How Do You Write a Memoir?

How to give good memoir (otherwise known as Top tips for memoir writing.)

*get a life. You cannot write a memoir unless you live an interesting life. Live it. Live it the best way you can. Try to fit the writing around it. If you spend all your time writing about your life, life will be dull and your writing will be duller.
*find yourself fascinating. This one is hard because – best will in the world – the kind of people who find themselves fascinating tend to be the kind of people you don’t want to be around. Nonetheless you have to overcome your scruples and find yourself interesting enough to write about, and talk about when someone asks you what you are writing about. And not mind when they sidle away really fast.
*find everyone else fascinating too. This is not as hard as finding yourself interesting because everybody has a story. The trick is to be interested enough to find out what it is. Don’t judge someone. Get to know what they have to say – it is very probably worth hearing.
*having said “get a life” sometimes it is all in the writing. Don’t presume because you are writing about something that has happened a gazillion times before that you can just knock it off without thinking about the words and how they fit together. Words count – who knew?
*it isn’t necessarily about the outside that is to say, what you do, it is also about what and how you think, and ofcourse – everytime – about how you feel. A memoir is not a book of events.
*remember a memoir is about Life, not just your life, real life.
*unless you are willing to be honest and reveal who you are, you might as well write a novel.(Obviously you can also be honest and reveal who you are in a novel, there is just an outside chance you won’t have to.)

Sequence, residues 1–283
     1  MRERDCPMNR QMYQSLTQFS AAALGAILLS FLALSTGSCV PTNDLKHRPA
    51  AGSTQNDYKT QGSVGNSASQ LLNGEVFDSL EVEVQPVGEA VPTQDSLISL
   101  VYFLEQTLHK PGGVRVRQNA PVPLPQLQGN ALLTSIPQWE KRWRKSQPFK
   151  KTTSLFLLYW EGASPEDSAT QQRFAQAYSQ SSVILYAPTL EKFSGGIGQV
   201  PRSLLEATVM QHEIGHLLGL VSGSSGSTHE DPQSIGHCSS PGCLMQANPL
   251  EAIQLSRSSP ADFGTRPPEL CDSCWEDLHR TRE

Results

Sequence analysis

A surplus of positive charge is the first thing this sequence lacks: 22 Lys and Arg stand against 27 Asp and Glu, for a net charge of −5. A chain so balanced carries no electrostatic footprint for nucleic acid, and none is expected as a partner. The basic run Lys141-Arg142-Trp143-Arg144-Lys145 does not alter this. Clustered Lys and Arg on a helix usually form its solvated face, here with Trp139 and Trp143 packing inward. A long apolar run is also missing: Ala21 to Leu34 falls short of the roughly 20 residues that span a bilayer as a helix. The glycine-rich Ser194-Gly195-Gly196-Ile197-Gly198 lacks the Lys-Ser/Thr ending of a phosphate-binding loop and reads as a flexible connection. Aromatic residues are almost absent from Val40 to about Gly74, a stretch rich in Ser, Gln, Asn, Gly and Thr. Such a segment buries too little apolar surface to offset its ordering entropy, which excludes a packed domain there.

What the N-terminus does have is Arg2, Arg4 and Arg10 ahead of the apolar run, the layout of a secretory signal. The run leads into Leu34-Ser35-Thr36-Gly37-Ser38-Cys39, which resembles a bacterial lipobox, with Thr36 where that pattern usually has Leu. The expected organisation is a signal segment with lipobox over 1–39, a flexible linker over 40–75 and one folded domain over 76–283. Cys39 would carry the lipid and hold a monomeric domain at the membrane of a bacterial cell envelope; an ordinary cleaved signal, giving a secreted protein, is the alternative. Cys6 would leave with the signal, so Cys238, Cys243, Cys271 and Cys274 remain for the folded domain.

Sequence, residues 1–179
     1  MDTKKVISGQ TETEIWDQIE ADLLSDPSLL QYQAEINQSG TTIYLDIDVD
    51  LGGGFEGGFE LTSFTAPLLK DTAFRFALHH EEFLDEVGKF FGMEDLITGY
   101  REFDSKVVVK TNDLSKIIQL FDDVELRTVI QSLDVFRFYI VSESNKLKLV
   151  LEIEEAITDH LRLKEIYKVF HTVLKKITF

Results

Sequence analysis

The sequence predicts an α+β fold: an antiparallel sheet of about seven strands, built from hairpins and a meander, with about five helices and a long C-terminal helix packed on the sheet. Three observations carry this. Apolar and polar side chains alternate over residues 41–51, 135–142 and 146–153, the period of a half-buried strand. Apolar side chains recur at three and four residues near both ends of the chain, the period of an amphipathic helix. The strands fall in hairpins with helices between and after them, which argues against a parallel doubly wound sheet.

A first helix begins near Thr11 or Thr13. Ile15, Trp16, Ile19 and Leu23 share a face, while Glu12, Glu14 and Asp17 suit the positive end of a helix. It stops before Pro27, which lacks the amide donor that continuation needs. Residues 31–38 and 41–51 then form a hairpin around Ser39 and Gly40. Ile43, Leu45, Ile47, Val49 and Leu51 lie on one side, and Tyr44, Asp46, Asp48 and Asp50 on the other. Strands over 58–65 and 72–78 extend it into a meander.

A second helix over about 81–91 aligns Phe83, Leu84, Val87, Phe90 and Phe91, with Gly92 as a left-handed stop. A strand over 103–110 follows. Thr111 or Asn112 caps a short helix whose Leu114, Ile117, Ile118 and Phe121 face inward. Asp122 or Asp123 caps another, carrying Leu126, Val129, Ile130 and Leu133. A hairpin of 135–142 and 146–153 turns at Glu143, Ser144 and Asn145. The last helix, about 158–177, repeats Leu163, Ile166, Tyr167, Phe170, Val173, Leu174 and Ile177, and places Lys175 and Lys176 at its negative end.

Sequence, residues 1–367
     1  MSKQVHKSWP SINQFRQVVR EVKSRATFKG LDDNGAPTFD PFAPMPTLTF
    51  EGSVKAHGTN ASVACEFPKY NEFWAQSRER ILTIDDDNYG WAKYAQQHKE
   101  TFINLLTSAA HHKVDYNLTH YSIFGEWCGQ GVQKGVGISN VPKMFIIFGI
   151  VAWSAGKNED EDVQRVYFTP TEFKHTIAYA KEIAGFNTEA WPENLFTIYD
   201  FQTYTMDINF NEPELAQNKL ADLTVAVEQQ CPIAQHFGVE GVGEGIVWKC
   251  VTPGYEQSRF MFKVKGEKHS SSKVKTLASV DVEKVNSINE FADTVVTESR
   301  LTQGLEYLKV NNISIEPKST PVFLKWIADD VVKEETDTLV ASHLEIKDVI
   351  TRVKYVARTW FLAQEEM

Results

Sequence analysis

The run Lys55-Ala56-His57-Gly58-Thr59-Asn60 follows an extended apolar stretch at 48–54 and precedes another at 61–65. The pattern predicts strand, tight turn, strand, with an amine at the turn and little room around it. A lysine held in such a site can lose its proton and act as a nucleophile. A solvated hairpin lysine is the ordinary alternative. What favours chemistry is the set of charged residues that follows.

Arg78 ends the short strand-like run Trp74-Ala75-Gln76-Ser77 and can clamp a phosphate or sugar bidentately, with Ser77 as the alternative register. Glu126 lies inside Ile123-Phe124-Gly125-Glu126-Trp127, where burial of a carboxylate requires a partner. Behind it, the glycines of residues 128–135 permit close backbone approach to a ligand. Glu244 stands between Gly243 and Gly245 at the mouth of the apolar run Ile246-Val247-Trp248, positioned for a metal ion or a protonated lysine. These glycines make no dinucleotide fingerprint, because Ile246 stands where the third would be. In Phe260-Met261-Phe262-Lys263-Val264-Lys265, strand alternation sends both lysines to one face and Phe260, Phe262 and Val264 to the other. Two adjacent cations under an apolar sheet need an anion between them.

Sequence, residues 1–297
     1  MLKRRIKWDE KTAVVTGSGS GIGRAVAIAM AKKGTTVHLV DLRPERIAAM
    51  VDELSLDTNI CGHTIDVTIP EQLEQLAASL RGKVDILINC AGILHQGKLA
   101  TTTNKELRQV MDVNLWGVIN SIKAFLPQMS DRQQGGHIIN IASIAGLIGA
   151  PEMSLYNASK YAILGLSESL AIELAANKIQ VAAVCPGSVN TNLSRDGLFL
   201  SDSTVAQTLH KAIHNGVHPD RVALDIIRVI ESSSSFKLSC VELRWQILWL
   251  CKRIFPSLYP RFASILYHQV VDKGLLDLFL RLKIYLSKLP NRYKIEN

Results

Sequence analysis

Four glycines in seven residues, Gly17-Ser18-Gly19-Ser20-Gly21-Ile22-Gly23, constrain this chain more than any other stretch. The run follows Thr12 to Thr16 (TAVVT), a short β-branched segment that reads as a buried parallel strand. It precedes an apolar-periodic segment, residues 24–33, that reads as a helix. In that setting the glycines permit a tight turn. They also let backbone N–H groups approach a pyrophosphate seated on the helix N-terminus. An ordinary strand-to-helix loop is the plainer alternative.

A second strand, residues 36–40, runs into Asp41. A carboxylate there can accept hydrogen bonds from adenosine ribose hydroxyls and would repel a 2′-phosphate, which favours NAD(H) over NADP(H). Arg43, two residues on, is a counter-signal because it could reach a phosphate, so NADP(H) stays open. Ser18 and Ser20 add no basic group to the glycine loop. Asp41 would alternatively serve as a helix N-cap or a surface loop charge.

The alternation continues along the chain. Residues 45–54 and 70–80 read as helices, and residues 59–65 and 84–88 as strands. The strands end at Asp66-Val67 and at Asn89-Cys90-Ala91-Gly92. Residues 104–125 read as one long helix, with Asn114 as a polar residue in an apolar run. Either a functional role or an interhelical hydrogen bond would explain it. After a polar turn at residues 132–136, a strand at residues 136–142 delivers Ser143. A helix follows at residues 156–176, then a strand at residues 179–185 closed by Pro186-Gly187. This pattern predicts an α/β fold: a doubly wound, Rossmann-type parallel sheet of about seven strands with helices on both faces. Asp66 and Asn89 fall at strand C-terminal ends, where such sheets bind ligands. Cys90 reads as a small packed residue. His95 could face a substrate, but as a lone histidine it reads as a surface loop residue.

*if you care too much about what people think, you might as well not write at all.

(I’ve lifted this from my Wife in the North blog, because I’ve written two memoirs now as well as teaching a course at Newcastle University and so many people talk to me about wanting to write their own stories but feel daunted. At some point, I’ll put up a list of good memoirs which I’d suggest you read if you want to go ahead and write your own.)


Second Time Around

April 2017.

I’ve blogged before. That is to say I ain’t no blogging virgin. My first blog Wife in the North did that viral thing of zero to 60 in a matter of days. That I have to say was a weird time. Your palms get a little bit sweaty when you realise you are filing reports from your life and they are being read all over the world just seconds after you heedlessly press Send. I’m older now and frankly the internet has changed since those heady days when blogs were the next big thing. There’s so much more content out there yet it’s so hard to find anything you actually want to read. Or is that just me? I log on and I do a quick tour of the news and websites I like, do a few clickthroughs then I’m done. But there is no ‘must read’, no excitement about the kind of writing you just happen upon, the lives you get to know. Now and then someone says blogging is dead, and everyone nods. But I don’t think it matters what you call it and what form it takes – 140 characters, here and then gone again, arty photographs of breakfast – everyone wants to tell their story. Everyone wants to think someone is listening.